Also in the press
DOCTORS STRESSED BY CANCER WORKLOAD
Family doctors claim they are "exhausted" from having to look after seriously ill patients who would have been in hospital, report the Daily Mail (p12) and The Daily Telegraph (p10).
The government wants patients with cancer, heart problems and other long-term illnesses to remain at home.
But doctors complain that such complicated patients cannot be effectively dealt with within the allocated 10 minutes per patient. The complaints were raised at the British Medical Association's annual conference in Bournemouth, the papers say.
Nine out of 10 asthma deaths each year could be prevented if patients were better treated and understood the importance of using their inhalers, reports The Daily Telegraph (p10).
The paper quotes Dr Dinesh Saralaya, who runs a clinic in Bradford, as saying: "We need to raise the profile of the disease... Patients need to be educated properly about it and then take a bit more responsibility for managing it themselves."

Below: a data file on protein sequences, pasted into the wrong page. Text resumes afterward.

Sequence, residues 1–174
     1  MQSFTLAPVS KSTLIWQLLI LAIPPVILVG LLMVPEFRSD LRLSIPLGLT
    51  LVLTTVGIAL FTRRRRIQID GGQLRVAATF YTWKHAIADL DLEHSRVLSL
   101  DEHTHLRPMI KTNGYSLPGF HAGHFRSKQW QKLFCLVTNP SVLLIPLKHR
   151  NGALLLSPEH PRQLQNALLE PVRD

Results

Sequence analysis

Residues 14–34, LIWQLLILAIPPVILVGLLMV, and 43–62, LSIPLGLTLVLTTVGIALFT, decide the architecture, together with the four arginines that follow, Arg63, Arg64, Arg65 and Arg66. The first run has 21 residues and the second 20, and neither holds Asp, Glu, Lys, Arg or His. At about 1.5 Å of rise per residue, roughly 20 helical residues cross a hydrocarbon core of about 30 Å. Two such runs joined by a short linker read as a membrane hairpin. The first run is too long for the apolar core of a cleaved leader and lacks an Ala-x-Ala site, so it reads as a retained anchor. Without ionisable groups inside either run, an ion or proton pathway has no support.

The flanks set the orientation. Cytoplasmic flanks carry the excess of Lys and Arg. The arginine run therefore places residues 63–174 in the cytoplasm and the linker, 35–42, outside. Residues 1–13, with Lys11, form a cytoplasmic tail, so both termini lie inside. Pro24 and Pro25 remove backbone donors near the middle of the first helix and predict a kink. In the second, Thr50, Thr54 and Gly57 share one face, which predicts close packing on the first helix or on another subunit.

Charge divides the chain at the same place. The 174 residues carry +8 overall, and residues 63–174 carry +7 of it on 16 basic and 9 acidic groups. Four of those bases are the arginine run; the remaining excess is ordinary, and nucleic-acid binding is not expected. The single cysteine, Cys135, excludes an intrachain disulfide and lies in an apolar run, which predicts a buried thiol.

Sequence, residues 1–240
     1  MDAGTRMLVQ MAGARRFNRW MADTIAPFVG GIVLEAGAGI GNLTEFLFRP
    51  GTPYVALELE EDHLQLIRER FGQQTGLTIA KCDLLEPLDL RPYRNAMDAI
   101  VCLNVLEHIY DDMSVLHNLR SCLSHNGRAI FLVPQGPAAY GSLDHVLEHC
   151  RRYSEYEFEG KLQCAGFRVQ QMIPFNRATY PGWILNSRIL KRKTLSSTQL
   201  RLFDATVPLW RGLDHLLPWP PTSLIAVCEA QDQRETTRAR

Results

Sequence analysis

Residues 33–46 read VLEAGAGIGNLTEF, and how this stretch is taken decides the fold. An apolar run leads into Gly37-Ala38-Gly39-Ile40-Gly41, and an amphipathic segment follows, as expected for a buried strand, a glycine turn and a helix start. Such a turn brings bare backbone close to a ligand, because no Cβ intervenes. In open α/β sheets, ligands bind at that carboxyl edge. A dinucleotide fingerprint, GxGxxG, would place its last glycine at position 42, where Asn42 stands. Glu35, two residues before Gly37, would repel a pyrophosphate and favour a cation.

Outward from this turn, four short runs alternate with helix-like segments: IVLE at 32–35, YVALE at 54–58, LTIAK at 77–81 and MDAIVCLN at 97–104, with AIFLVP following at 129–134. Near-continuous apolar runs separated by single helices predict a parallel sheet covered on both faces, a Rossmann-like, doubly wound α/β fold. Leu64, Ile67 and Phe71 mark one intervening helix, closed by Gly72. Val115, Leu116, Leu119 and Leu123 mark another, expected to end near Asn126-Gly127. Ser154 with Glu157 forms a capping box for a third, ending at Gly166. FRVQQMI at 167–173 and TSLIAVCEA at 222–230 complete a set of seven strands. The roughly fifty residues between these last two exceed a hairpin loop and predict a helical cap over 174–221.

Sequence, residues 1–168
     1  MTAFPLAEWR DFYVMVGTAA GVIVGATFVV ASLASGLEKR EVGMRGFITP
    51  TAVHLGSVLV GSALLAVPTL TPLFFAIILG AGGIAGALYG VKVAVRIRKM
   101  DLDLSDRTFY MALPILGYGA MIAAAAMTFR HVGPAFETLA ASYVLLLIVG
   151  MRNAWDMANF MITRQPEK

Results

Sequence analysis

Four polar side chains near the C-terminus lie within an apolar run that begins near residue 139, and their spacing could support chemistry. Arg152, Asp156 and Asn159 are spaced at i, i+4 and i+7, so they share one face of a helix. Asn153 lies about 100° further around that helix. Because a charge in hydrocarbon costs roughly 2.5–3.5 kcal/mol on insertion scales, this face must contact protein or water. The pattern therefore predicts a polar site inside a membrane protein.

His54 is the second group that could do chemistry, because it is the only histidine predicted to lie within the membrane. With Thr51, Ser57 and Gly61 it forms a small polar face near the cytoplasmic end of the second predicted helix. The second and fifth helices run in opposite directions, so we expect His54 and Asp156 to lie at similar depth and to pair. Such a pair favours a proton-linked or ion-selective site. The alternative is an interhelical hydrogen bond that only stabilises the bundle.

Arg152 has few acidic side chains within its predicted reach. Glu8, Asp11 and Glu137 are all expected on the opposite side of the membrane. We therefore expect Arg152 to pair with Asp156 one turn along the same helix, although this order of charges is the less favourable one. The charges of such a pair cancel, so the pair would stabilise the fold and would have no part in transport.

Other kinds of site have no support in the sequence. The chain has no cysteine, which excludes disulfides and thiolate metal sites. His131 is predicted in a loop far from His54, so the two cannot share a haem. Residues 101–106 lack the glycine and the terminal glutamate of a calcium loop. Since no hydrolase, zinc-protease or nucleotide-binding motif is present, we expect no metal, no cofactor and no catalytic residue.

New research has shown that statins work far better for men than they do for women, reports the Daily Mail (p27).
The health records of 43,000 people were assessed and U.S. researchers found that statins reduced the overall risk of dying in men by 21% and the chance of stroke by 19%.
In women, however, the researchers, from Columbia University, New York, say statins did not significantly cut the risk of stroke or dying. The study is published in the Archives of Internal Medicine.